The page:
.|  Baltimore Ecosystem Study
Vegetation Research Projects

Vegetation analysis of the BES long-term biogeochemical study plots
  • Mary Cadenasso, Cary Institute of Ecosystem Studies
  • Steward T.A. Pickett, Cary Institute of Ecosystem Studies
  • Wayne C. Zipperer, United States Forest Service
Permanent plots are a powerful tool for understanding systems over the long term because of the rigorous quantification of patterns in a spatially refined way and because of the comparability of numerous variables measured in the same place. In 1998, 7 plots were surveyed into 3 forests in the study region of the Baltimore Ecosystem Study (BES): Oregon Ridge Park (4 plots), Hillsdale Park (1 plot), and Leakin Park (2 plots). Plots were surveyed in to correct for slope and to achieve an accuracy of plot side length to within 0.5 cm. Plots are 1600 m2 with the exception of the Hillsdale plot which is 900 m2. The Hillsdale plot is smaller to fit within the confines of the forest patch. Sites were selected 1) to represent urban and non-urban forests, 2) away from obvious habitat boundaries or edges, 3) with consistent drainage lines within the plot, and 4) with at least 80% continuous tree canopy. All vegetation layers were sampled in order to characterize the structure and composition of the plant community. A variety of sampling methods were used for the different layers but all layers were quantified with a high level of detail to minimize variation and to best characterize the plot. Here we present a survey of the patterns found in these plots.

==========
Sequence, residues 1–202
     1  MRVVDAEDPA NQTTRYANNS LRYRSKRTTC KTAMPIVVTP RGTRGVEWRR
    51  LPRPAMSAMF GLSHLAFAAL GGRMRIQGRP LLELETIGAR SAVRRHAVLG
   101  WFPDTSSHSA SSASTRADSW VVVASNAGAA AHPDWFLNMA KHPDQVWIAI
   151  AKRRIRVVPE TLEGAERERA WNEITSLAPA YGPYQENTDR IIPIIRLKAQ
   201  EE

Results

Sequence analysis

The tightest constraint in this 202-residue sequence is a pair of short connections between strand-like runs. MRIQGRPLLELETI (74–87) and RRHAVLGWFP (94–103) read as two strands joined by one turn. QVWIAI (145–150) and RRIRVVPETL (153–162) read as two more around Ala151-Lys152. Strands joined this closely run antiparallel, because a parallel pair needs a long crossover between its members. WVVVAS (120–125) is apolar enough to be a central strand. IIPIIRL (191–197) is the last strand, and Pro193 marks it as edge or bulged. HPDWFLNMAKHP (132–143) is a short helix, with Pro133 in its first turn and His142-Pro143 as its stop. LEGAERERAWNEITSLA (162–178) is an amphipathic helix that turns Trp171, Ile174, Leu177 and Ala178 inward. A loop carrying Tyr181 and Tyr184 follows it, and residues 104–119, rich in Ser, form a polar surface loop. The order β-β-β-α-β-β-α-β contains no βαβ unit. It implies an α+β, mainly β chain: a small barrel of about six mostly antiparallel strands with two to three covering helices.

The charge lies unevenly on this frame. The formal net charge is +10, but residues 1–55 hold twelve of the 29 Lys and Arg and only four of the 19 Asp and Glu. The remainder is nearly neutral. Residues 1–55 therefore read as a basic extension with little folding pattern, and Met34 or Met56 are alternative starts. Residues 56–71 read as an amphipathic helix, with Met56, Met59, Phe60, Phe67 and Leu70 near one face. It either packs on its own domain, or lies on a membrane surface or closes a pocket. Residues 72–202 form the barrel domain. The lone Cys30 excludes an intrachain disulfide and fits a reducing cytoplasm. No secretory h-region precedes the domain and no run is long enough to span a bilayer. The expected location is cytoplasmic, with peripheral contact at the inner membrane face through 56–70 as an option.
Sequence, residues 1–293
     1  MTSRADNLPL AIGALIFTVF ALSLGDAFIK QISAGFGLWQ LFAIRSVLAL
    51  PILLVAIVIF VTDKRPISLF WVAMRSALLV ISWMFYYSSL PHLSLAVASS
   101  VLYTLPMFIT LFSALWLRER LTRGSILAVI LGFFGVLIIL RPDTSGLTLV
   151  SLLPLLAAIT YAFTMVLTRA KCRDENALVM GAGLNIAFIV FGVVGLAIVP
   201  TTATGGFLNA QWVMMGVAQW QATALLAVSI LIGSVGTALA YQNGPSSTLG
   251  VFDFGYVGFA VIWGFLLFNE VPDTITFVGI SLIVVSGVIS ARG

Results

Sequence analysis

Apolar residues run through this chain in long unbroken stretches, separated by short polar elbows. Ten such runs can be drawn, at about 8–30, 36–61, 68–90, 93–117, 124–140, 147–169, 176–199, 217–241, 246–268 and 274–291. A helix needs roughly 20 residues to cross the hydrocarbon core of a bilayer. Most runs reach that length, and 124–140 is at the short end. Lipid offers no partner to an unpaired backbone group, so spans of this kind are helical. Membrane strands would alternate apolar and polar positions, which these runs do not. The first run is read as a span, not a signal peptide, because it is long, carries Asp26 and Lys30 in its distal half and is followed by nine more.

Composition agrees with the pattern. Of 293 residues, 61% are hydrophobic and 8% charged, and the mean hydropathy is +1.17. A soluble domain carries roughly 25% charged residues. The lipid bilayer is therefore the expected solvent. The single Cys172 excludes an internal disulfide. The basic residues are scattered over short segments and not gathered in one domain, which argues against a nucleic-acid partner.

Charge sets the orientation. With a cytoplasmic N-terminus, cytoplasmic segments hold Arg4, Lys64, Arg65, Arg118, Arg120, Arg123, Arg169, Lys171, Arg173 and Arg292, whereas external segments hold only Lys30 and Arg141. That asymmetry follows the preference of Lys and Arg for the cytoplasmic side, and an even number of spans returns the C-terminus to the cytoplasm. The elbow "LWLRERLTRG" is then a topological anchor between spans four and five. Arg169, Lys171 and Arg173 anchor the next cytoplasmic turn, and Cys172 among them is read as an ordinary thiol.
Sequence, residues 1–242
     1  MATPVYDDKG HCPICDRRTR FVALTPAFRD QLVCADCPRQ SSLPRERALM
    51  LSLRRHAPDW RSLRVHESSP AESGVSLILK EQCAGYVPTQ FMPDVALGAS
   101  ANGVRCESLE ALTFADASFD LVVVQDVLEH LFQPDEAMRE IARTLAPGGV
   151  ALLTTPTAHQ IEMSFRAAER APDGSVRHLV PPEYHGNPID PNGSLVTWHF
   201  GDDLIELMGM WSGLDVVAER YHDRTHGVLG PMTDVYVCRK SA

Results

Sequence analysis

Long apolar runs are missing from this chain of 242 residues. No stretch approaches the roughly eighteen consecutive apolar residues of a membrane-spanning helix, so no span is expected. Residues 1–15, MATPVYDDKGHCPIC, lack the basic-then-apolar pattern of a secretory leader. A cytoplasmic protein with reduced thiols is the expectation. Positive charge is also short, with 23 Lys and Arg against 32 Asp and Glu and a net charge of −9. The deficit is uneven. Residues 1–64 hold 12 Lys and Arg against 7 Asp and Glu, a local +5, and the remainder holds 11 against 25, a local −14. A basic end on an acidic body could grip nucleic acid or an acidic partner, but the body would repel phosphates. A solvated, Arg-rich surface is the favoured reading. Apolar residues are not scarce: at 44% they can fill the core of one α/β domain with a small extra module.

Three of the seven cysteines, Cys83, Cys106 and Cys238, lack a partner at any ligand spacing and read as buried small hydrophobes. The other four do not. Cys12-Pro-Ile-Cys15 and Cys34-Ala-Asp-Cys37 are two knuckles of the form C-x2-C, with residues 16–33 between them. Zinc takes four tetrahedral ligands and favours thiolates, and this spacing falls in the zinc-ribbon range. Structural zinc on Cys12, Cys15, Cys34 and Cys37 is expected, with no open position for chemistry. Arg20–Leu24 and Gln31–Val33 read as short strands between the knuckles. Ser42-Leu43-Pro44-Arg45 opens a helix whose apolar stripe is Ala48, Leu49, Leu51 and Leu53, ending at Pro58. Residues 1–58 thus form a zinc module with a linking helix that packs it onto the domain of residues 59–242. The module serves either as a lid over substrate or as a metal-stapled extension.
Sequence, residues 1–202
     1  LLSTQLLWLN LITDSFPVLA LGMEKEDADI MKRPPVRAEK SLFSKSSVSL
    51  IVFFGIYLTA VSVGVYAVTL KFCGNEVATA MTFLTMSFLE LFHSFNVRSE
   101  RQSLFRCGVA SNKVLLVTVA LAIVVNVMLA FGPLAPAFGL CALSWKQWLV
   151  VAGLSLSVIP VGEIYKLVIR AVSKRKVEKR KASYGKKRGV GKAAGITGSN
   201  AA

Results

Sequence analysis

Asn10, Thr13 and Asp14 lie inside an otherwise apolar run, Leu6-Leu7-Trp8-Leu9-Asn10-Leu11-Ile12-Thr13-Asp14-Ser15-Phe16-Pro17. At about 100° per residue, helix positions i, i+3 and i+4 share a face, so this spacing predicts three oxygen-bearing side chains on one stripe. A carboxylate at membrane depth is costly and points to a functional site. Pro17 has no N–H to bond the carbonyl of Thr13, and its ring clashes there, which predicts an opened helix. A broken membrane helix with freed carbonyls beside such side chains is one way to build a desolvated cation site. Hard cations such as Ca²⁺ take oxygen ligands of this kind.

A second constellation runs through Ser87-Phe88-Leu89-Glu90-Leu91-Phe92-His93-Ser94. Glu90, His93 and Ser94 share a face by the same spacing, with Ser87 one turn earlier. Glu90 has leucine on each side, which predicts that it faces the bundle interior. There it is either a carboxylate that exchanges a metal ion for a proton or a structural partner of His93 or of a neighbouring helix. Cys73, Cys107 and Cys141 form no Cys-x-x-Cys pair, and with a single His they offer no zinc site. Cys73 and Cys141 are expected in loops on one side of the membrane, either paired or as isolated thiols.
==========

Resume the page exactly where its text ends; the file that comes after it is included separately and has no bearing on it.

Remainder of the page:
Ninety four species were recorded including 31 trees, 16 shrubs, 9 vines, and 38 herbs. Ninety percent of these species were native. All plots had similar tree density; however, trees in Hillsdale were smaller in basal area and this plot had the highest density of standing dead trees. Living and dead sapling density was highest in the three city plots suggesting that vegetation structure in city plots is more dynamic. Seedling density was greatest in the city plots as well, and the proportion of seedlings that were damaged by mammalian herbivores were lower in the city plots compared to the plots in Oregon Ridge (Fig. 1). The cover of shrubs was greater in Oregon Ridge relative to the city plots but the species richness of the layer was similar in and out of the city. Vines maintained a greater cover in the city than at Oregon Ridge and the species richness of vines was also greater in the city. Exotic vines and shrubs were only found in the city plots. Species richness of the ground layer vegetation was highest in the three city plots compared to Oregon Ridge (Fig. 2). The permanent plots will be continually resampled to monitor changes in the vegetation.


Figure 1. Seedling density and number of seedlings browsed by mammalian herbivores in seven of the BES permanent plots. There are three plots in urban Leakin and Hillsdale parks and two upland plots (OR-u) and two mid-slope (OR-m) plots in rural Oregon Ridge Park.


Figure 2. Species richness of vegetation layers in seven of the BES permanent plots.